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The Tudor House

Image by Zoltan Tasi

Photo: Zoltan Tasi

The Tudor house was in the midst of a huge wood in the North of England. A few gentlemen, dressed like belonging to the late 1500’s, were sitting around a table and drinking tasty mead. There was a fireplace and beside that, almost like a shield, with ensign of a sword and a cross.

The gentlemen took no notice of Clyde. Suddenly Clyde realized that one of them actually appeared to be Clyde himself, wearing a wide hat and a big moustache. He was Stewart, 36 years old and a tax collector under the Crown. Clyde described Stewart as friendly, never having any intent to harm people he met.

Stewart wasn’t married but had a “woman in every village”. He owned a big farm where employees took care of the daily work, keeping cows, pigs and hogs. Wild boar was often hunted in the woods.

Stewart was very cunning and kept the Crowns money he collected under a hidden drawer beneath the pig sty. It all looked very normal once the drawer had been put back under the pigs, according to Clyde.

Every six months Stewart travelled to the Crowns tax supervisor where he gave account of his work. When I asked Clyde what would happen if he stole the money, the answer was short and clear.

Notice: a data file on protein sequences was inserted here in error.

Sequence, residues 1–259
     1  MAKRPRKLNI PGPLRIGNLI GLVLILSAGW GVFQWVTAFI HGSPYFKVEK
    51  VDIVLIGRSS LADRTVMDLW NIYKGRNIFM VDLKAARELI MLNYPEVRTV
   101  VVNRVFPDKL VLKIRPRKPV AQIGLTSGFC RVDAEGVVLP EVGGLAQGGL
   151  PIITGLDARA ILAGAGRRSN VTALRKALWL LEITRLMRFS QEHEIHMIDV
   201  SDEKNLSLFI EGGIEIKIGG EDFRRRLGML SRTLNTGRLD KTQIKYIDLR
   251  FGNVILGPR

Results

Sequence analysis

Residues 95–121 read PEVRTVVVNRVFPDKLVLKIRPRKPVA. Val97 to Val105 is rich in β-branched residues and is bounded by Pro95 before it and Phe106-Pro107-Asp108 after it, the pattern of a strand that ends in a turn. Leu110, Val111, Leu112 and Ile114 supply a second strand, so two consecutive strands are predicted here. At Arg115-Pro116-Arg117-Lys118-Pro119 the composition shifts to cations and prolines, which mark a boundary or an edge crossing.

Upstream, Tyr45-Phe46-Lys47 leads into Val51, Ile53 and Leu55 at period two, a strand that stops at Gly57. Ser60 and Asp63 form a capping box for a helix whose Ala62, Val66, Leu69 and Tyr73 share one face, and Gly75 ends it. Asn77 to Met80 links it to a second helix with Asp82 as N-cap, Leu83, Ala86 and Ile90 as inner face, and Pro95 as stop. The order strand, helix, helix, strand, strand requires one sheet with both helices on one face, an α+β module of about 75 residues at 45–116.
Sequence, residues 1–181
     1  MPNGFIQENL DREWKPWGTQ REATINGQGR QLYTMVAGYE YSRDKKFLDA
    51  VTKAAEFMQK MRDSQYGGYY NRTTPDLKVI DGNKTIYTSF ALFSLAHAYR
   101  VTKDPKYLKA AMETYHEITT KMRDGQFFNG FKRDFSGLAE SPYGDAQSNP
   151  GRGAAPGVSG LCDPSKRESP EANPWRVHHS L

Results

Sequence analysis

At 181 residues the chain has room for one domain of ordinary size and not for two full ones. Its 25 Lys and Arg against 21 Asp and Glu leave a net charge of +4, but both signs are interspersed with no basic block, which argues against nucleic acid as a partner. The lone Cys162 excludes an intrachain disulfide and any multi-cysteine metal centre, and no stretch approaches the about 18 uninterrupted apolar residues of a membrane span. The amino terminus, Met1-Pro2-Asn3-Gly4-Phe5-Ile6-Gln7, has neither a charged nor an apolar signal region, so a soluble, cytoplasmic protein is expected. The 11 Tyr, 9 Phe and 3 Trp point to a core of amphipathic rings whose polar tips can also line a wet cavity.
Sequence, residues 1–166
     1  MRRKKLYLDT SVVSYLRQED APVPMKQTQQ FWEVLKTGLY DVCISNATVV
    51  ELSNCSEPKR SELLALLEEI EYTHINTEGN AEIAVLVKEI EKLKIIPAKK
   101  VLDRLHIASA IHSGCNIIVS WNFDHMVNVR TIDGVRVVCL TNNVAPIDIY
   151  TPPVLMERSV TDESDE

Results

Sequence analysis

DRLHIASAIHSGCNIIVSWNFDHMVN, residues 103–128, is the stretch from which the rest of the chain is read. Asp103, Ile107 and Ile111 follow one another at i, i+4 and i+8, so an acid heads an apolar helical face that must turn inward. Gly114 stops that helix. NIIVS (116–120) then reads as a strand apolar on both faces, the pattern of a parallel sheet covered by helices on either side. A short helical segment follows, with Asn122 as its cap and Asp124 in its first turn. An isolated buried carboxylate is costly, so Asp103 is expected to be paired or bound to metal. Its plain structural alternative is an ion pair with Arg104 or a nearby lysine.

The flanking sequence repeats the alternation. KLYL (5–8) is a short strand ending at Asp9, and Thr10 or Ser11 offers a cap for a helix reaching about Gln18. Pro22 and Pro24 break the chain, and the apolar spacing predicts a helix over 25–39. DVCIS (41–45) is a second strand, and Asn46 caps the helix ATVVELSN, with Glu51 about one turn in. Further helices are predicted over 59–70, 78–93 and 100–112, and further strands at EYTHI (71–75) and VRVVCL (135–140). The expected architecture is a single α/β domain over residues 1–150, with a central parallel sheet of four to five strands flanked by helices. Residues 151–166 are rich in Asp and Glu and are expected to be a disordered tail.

“They would cut my throat”.

I asked him if he kept a book of all his transactions, and without hesitation he answered yes. After minutes of waiting Clyde was ready.

“The last transaction is dated May 1560”, he said.

Then I took Clyde to Stewart during his last days. Clyde described an old man with a long white beard. Clyde told me that Stewart did something extremely unusual for his time. He decided not to let anyone particular inherit his land and property. Instead he split up the farm into different plots, each plot given to all his employees. Part from inheriting land and money, these individuals were all given something extremely valuable. They all became free independent landowners.

Stewart felt happy about his arrangements and at the age of 76 he died around the early part of 1600.

I asked Clyde what the most important lesson was, Stewart learnt.

“It made me understand that what you give, you will get back.”

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